While prominent Republicans, including Sen. Lindsey Graham and Sen. Marco Rubio, expressed strong words of support for the attack, another Republican, Sen. Rand Paul, expressing his libertarian view on foreign affairs, said the Trump administration should not embark on a war in the Middle East without Congressional approval.

As the naysaying and handwringing goes on, and will in the days and weeks and more to come, if there is one prediction that will always be correct it is forecasting violence in the Middle East. If that's anyone's prediction, they'd be right, with our without Soleimani. In anticipation of Iran's reaction, the U.S. is sending an additional 3,500 troops to the region. Soleimani may be really, most sincerely dead, but the seething animosities of the region most certainly aren't, and there are no ruby slippers, like the ones that passed to Dorothy from the deceased Wicked Witch of the East, to magically bring them to a close. So stand by. Film at 11.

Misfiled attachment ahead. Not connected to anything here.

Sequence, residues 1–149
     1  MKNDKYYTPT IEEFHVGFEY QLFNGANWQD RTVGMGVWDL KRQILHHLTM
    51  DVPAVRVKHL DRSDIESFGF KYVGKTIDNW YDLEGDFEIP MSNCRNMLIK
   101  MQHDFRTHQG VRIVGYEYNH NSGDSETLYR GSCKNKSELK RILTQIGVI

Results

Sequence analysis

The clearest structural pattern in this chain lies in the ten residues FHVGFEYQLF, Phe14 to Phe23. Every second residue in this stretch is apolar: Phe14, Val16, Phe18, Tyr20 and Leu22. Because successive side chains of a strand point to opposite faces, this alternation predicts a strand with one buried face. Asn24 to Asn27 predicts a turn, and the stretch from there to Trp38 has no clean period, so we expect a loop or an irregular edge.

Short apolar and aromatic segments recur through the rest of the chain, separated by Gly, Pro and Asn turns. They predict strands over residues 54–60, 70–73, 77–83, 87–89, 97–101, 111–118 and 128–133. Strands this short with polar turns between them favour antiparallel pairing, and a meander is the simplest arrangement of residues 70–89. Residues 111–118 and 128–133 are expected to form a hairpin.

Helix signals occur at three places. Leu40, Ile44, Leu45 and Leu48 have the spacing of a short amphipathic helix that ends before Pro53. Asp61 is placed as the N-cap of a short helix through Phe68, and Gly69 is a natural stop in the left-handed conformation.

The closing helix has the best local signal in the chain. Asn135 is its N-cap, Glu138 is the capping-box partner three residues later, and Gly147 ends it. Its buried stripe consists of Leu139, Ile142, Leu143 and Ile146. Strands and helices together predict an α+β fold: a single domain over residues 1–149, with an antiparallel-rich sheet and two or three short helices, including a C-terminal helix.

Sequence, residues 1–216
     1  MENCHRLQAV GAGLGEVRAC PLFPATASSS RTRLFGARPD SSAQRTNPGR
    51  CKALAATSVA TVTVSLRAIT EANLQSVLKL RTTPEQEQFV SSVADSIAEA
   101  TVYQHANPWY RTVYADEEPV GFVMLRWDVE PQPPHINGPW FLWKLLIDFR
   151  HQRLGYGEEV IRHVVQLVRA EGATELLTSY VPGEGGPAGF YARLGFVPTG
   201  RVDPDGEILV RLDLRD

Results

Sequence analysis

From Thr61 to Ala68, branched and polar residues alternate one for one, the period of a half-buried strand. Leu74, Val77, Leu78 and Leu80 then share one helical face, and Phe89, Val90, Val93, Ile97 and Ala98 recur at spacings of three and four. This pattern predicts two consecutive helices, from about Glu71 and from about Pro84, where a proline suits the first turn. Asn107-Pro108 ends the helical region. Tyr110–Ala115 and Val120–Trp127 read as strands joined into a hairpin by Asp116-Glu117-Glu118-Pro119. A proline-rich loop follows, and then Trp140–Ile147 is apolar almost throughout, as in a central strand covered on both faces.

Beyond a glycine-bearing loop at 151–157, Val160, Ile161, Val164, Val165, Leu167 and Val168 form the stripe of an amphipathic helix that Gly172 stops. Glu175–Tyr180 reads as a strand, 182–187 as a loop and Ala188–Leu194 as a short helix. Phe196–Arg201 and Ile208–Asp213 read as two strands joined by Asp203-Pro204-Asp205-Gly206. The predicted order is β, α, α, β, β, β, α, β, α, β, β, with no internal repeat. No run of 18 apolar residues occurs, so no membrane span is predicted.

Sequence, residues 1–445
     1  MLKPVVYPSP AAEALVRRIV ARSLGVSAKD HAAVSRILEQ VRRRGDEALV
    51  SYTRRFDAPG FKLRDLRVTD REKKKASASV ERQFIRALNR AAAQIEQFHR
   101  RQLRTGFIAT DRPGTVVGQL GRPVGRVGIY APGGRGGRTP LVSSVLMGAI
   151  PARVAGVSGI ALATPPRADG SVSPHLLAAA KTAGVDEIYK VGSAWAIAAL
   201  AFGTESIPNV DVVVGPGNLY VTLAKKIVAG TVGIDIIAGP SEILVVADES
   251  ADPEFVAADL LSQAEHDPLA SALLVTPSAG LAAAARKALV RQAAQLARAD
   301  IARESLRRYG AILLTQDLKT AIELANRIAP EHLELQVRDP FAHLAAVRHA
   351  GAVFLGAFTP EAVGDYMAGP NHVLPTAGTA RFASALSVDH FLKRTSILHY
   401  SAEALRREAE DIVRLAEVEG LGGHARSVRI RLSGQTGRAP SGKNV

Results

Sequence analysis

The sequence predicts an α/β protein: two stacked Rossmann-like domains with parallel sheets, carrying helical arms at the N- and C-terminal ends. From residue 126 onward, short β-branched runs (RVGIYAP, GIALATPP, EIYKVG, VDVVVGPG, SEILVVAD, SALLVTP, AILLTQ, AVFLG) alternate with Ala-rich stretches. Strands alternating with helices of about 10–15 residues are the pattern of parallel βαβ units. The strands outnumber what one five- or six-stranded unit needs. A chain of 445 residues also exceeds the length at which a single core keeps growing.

Frank Yacenda

Disclosure: The author was an intelligence analyst with the State Department covering the Middle East.
Photo credits: Main image: Donovan Reeves / Unsplash, used with permission; al-Muhandis and Soleimani images, AFP via Getty, used under Fair Use.